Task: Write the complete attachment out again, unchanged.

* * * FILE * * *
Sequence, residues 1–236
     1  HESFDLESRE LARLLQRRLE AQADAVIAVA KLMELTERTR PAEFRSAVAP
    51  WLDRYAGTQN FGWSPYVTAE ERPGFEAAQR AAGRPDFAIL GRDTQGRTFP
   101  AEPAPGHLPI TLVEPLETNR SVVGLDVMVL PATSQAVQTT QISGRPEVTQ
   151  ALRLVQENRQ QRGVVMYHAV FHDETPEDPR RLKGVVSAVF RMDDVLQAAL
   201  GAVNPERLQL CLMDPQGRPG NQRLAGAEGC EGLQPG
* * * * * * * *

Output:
Sequence, residues 1–236
     1  HESFDLESRE LARLLQRRLE AQADAVIAVA KLMELTERTR PAEFRSAVAP
    51  WLDRYAGTQN FGWSPYVTAE ERPGFEAAQR AAGRPDFAIL GRDTQGRTFP
   101  AEPAPGHLPI TLVEPLETNR SVVGLDVMVL PATSQAVQTT QISGRPEVTQ
   151  ALRLVQENRQ QRGVVMYHAV FHDETPEDPR RLKGVVSAVF RMDDVLQAAL
   201  GAVNPERLQL CLMDPQGRPG NQRLAGAEGC EGLQPG